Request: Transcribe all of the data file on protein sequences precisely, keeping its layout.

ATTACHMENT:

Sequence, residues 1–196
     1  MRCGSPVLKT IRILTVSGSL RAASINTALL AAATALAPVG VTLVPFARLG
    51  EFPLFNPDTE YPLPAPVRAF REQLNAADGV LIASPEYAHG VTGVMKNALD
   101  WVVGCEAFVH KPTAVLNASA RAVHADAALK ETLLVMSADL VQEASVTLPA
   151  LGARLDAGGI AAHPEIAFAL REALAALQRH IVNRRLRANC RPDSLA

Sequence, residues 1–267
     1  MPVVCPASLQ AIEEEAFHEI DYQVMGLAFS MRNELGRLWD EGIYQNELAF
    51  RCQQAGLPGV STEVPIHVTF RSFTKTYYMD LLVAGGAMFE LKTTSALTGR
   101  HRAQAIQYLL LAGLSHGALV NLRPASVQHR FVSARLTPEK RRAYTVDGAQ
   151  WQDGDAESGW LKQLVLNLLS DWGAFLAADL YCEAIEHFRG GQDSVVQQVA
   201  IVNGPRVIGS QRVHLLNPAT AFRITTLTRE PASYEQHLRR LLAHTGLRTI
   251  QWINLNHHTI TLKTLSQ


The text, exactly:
Sequence, residues 1–196
     1  MRCGSPVLKT IRILTVSGSL RAASINTALL AAATALAPVG VTLVPFARLG
    51  EFPLFNPDTE YPLPAPVRAF REQLNAADGV LIASPEYAHG VTGVMKNALD
   101  WVVGCEAFVH KPTAVLNASA RAVHADAALK ETLLVMSADL VQEASVTLPA
   151  LGARLDAGGI AAHPEIAFAL REALAALQRH IVNRRLRANC RPDSLA

Sequence, residues 1–267
     1  MPVVCPASLQ AIEEEAFHEI DYQVMGLAFS MRNELGRLWD EGIYQNELAF
    51  RCQQAGLPGV STEVPIHVTF RSFTKTYYMD LLVAGGAMFE LKTTSALTGR
   101  HRAQAIQYLL LAGLSHGALV NLRPASVQHR FVSARLTPEK RRAYTVDGAQ
   151  WQDGDAESGW LKQLVLNLLS DWGAFLAADL YCEAIEHFRG GQDSVVQQVA
   201  IVNGPRVIGS QRVHLLNPAT AFRITTLTRE PASYEQHLRR LLAHTGLRTI
   251  QWINLNHHTI TLKTLSQ